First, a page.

With SDL installed, you should be able to execute the “sdl-config” program in the shell to access what flags to use while compiling software. With what I’ve built so far, here’s the output of sdl-config for me:

$ sdl-config --cflags
-I/usr/local/include/SDL -D_GNU_SOURCE=1 -Dmain=SDL_main

$ sdl-config --libs
-L/usr/local/lib -lmingw32 -lSDLmain -lSDL -mwindows -liconv -lm -luser32 -lgdi32 -lwinmm

$ sdl-config --static-libs
-L/usr/local/lib -lmingw32 -lSDLmain -lSDL -mwindows -liconv -lm -luser32 -lgdi32 -lwinmm

Step 7: SDL_image

Download SDL_image-1.2.10.zip source code from the website. For my quick test, I’m only going to enable the png and jpeg support libraries (built in steps 4 and 5 above). This means the tiff format will not be supported, but if this is important to you there is a library for that as well. In a MinGW shell, extract the source code, “cd” into the directory and execute:

$ configure --disable-shared --enable-static --enable-jpg --enable-png CFLAGS="-I/usr/local/include" LDFLAGS="-L/usr/local/lib"

followed by

$ make

and

$ make install

Step 8: Test Time!

Use the code from this post of mine (download from here). Save the test-03.scm and water-128x128.png files to a directory, run a MinGW shell, “cd” to this directory and compile the scheme source code with the Gambit compiler like this:

$ gsc -cc-options "-I/usr/local/include/SDL/" -ld-options "-L/usr/local/lib/ -lmingw32 -lSDLmain -lSDL -mwindows -liconv -lm -luser32 -lgdi32 -lwinmm -lopengl32 -lSDL_image -lpng -ljpeg -lz" -exe test-03.scm

This should produce a “test-03.exe” file that has all of the files statically linked.

Now, there are legal ramifications of static linking SDL, SDL_image and other LGPL projects. Essentially, you have to provide a way for the user to relink your project which essentially means you cannot use it in closed source applications. The fix for that is to dynamically link the software.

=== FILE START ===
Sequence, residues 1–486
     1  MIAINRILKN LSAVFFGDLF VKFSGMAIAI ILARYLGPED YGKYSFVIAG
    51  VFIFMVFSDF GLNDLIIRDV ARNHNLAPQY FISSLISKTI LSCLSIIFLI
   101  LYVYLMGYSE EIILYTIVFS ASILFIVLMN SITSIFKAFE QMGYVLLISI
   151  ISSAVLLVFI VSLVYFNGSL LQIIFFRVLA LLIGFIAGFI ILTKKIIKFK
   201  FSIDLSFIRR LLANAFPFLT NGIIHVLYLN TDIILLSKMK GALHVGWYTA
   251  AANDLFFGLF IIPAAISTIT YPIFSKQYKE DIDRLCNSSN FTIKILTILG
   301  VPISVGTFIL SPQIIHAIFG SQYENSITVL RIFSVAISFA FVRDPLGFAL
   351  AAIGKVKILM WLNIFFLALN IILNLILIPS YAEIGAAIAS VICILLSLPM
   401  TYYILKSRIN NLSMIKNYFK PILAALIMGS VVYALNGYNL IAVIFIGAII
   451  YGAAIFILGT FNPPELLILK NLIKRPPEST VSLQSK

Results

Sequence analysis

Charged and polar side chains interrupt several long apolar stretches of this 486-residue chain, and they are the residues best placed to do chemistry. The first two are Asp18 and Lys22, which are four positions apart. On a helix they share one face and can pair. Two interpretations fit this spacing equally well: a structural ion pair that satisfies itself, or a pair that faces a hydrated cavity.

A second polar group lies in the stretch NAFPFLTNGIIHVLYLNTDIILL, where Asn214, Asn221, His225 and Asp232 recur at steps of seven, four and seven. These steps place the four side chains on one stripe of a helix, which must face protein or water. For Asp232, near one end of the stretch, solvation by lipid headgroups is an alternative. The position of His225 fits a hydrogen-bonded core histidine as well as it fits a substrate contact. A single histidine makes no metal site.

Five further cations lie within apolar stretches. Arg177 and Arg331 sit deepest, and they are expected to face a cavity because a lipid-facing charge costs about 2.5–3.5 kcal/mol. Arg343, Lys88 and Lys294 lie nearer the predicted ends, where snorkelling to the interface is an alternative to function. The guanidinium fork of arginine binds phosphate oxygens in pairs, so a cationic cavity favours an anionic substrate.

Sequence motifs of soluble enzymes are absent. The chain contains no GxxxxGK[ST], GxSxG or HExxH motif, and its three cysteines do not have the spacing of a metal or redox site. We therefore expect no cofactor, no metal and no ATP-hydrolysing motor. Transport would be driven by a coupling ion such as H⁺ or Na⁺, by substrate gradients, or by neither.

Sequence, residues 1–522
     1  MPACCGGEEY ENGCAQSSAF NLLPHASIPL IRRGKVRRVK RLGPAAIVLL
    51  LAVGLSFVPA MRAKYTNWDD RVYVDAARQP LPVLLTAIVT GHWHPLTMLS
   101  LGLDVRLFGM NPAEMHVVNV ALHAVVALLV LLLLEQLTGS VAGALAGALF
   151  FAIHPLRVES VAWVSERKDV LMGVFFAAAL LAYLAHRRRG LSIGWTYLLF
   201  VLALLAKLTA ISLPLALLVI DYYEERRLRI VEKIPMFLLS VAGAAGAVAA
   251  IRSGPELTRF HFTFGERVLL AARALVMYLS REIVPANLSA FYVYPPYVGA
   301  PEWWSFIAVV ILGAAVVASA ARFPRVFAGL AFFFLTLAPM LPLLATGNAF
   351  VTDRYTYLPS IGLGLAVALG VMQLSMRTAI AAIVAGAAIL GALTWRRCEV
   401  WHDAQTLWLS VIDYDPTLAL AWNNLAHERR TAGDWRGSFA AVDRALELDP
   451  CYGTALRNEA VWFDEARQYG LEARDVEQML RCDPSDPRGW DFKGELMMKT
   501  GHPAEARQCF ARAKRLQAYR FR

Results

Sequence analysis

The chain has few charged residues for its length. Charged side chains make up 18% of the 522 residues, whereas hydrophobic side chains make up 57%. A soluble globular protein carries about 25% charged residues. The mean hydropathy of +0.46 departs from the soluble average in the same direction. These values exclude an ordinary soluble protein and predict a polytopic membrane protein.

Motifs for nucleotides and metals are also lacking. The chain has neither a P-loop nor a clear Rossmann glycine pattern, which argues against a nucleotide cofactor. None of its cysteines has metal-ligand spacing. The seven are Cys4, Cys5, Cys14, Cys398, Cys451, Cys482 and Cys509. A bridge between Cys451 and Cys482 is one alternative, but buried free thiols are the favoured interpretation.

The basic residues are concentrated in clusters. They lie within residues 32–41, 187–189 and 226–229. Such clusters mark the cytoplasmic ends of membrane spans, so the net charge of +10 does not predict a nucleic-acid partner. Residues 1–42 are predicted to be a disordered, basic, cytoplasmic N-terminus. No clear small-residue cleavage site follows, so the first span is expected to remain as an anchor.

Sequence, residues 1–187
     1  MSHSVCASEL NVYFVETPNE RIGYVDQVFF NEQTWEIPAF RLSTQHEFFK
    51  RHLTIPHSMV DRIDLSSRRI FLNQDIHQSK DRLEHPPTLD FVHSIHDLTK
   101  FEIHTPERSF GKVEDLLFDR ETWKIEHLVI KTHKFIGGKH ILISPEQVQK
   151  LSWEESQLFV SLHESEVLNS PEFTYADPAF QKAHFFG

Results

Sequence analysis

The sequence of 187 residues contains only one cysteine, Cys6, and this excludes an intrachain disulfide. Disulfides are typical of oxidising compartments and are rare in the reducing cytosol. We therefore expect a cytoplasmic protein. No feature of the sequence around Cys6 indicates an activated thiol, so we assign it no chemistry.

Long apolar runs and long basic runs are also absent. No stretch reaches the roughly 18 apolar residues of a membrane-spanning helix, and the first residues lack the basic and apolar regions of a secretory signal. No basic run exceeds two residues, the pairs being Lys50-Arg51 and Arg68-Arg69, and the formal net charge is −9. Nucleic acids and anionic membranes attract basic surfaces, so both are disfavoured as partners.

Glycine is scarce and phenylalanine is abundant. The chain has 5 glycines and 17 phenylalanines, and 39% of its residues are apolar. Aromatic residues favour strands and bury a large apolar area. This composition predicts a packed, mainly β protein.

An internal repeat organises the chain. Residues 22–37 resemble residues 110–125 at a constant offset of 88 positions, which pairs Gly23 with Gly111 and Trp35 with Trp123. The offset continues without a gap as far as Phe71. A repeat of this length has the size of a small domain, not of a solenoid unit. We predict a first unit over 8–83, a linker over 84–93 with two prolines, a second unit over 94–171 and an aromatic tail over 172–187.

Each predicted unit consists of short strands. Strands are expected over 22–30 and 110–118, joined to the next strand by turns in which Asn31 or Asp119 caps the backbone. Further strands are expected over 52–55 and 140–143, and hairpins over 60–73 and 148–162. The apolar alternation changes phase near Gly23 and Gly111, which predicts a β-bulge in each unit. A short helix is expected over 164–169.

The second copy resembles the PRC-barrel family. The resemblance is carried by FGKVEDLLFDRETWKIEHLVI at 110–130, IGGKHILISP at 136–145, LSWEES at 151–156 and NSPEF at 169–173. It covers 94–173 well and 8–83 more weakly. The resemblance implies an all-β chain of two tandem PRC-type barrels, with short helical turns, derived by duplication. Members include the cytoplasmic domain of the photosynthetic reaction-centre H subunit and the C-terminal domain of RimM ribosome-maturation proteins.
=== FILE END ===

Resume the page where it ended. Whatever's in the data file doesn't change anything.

Zlib, libpng and libjpeg can all be linked statically without any repercussions per their respective licenses. This means we just have SDL and SDL_image to worry about.

Within the MinGW shell, change directories to the SDL library source code and run:

$ make uninstall

$ make clean

$ configure --enable-shared --disable-static CFLAGS="-I/usr/local/include" LDFLAGS="-L/usr/local/lib"

Copy SDL.dll from C:\MinGW\msys\1.0\local\bin\SDL.dll to the test directory where test-03.scm is compiled.

For the SDL_image library, within the shell, change directories to the SDL_image library source code and run:

make uninstall

make clean

$ configure --enable-shared --disable-static --enable-png --enable-jpg CFLAGS="-I/usr/local/include" LDFLAGS="-L/usr/local/lib"

Copy SDL_image.dll from C:\MinGW\msys\1.0\local\bin\SDL.dll to test directory. This DLL depends on SDL.dll which was already copied.

Now recompile the code with gambit using a simplified command:

$ gsc -cc-options "-I/usr/local/include/SDL/" -ld-options  "-L/usr/local/lib/ -lmingw32 -lSDLmain -lSDL -lopengl32 -lSDL_image" -exe  test-03.scm

This should produce a slightly lighter executable (2.65 MB stripped, 3.29 MB unstripped) that only needs the SDL and SDL_image DLL files next to it.